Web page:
First picture with Mickey Mouse. (c) 2009 Peggy MacdonaldAn added bonus of traveling with babies and toddlers is that Disney World cast members and characters show them an extra bit of Disney magic. Mickey Mouse visited the Magic Kingdom's Baby Care Center--located near the Crystal Palace restaurant--and took the time to let my son sit on his lap. Over several subsequent trips with our annual passes, Mickey soon became his favorite character.

The first time my son expressed a preference for a Disney ride was actually before he was able to speak (except to say Muh-muh, which later became Mummy). He used a special all-purpose baby word to indicate that he wanted to go on Small World, a favorite with children all over the world since it debuted at the 1964 World's Fair.

Disney World did more than motivate my son to articulate his concerns, however. Over his toddler years, he would learn his colors from the stripes on the Walt Disney World monorail. He gained an appreciation for world cultures before he had even entered preschool. A frequent diner at 'Ohana, "Polynesian" became one of his first words. One of the only times my son cried at Disney World was when we tried to skip the educational movie that follows the Maelstrom boat ride in the Norway pavilion at Epcot.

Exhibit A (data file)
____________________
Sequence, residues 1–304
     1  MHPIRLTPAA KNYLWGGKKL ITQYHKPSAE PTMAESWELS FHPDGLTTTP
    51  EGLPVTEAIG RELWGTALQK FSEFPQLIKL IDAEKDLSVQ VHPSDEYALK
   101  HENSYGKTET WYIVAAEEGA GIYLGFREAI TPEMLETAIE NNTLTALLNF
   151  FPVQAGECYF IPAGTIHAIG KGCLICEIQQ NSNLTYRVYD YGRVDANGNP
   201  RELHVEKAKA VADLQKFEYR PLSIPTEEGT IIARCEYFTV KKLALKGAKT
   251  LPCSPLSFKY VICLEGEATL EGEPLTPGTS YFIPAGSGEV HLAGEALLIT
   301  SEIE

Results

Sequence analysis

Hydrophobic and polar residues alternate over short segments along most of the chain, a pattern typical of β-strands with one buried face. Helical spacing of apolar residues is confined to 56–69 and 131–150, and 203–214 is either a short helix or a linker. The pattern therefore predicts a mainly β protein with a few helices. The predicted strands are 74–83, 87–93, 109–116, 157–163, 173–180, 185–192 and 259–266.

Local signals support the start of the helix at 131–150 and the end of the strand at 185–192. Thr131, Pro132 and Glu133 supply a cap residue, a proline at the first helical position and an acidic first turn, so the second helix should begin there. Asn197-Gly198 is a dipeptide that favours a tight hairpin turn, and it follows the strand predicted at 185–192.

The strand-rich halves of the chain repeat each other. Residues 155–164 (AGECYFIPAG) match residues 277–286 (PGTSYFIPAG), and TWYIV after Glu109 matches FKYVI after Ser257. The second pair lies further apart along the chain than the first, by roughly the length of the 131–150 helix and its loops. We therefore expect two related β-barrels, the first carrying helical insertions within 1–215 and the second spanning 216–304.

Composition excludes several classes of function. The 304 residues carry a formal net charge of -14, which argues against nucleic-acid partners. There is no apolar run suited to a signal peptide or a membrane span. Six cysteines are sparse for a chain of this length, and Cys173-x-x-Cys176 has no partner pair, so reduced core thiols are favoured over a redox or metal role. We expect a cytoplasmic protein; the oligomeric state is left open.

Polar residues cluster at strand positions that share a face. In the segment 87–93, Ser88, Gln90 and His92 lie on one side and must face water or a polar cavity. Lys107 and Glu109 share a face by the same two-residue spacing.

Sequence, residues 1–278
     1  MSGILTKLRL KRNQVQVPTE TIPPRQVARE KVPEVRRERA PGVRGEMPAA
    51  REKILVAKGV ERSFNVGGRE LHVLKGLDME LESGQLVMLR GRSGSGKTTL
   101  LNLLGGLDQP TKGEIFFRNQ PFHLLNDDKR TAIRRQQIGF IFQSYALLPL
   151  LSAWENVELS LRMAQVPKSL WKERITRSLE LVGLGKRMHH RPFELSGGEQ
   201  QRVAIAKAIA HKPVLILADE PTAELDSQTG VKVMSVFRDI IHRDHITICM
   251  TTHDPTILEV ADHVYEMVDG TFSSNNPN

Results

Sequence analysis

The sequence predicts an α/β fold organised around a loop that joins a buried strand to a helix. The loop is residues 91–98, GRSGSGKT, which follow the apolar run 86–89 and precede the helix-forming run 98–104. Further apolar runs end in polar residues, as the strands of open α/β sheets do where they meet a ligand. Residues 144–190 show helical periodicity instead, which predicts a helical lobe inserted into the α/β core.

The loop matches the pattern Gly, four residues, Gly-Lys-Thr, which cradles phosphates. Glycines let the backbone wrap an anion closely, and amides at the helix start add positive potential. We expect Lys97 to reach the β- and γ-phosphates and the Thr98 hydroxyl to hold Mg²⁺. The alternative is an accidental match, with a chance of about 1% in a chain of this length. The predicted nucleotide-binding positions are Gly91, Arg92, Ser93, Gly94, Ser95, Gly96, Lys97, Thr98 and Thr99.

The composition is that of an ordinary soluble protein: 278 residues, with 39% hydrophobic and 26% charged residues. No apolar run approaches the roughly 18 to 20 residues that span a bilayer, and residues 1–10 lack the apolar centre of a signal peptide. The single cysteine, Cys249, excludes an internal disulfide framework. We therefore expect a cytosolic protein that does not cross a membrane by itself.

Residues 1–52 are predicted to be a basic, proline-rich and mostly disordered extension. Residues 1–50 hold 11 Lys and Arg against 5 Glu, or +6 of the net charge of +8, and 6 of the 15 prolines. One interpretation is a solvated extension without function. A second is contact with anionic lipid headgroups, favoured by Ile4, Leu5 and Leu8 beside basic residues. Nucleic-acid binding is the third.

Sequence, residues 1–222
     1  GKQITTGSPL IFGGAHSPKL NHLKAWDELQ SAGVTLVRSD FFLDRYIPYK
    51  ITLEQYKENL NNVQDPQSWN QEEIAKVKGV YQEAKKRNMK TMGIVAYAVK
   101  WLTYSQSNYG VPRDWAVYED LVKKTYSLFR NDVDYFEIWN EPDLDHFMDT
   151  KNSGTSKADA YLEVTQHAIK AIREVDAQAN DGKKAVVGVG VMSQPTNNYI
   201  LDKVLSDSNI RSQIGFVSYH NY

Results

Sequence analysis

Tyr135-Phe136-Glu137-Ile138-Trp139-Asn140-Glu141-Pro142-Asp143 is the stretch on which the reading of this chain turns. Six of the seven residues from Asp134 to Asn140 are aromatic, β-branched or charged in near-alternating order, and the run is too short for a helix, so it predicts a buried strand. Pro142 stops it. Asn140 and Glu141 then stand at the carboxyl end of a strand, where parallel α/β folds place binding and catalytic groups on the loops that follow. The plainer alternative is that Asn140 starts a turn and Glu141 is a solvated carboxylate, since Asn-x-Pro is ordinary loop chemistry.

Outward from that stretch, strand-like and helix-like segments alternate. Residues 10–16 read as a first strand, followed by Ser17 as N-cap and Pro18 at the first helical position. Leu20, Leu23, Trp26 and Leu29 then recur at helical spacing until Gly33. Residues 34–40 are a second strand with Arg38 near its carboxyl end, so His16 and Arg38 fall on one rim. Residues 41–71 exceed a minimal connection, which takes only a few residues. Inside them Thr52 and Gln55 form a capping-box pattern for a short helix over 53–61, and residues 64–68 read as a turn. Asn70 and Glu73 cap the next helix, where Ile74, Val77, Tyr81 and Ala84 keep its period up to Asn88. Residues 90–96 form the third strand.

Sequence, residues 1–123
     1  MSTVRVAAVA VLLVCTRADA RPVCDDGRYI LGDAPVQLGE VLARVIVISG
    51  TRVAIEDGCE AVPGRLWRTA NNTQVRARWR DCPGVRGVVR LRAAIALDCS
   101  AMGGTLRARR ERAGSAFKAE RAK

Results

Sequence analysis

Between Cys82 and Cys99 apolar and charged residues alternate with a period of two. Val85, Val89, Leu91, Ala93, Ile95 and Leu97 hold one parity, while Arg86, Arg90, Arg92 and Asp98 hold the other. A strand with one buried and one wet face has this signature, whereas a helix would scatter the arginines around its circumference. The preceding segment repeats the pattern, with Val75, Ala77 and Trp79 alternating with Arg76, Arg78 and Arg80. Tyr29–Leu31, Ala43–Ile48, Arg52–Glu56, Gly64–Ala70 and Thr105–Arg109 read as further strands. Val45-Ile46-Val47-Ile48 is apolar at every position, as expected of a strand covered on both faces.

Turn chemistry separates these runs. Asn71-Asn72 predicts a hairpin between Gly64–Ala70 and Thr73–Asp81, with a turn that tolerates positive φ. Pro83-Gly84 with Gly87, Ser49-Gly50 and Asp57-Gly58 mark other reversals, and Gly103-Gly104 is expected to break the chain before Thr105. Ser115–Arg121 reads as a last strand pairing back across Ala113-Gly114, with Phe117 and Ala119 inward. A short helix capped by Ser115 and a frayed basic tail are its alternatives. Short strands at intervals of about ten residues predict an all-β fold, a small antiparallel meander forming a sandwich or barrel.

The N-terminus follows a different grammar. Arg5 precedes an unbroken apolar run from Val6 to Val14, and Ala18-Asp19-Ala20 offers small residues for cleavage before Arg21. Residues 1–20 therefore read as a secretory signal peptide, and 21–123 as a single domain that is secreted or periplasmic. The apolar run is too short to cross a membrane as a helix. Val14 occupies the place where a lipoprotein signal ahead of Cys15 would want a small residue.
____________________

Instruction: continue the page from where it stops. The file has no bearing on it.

One of the benefits of living in Florida is that Disney World has become an extension of our backyard, a place where regular trips with family and friends provide a temporary escape from the burdens of domestic drudgery and hectic work schedules. Following Walt Disney's original intentions for Disneyland, Disney World continues to provide Americans and travelers from around the world with the chance to enjoy family togetherness.